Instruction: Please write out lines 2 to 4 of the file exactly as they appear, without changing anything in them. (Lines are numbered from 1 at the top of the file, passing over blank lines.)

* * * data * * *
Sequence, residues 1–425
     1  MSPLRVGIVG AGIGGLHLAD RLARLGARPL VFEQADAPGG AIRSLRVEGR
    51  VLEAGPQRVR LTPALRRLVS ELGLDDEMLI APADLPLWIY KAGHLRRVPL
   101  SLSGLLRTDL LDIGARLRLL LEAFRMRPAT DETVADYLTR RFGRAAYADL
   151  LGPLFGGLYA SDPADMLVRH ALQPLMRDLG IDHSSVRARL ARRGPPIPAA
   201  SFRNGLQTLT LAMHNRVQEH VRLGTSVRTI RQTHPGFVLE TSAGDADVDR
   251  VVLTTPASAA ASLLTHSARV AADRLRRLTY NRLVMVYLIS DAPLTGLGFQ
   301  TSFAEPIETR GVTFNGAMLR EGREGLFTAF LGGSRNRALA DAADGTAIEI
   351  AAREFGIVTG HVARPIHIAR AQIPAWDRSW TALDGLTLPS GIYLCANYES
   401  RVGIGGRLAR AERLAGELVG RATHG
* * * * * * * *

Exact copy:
     1  MSPLRVGIVG AGIGGLHLAD RLARLGARPL VFEQADAPGG AIRSLRVEGR
    51  VLEAGPQRVR LTPALRRLVS ELGLDDEMLI APADLPLWIY KAGHLRRVPL
   101  SLSGLLRTDL LDIGARLRLL LEAFRMRPAT DETVADYLTR RFGRAAYADL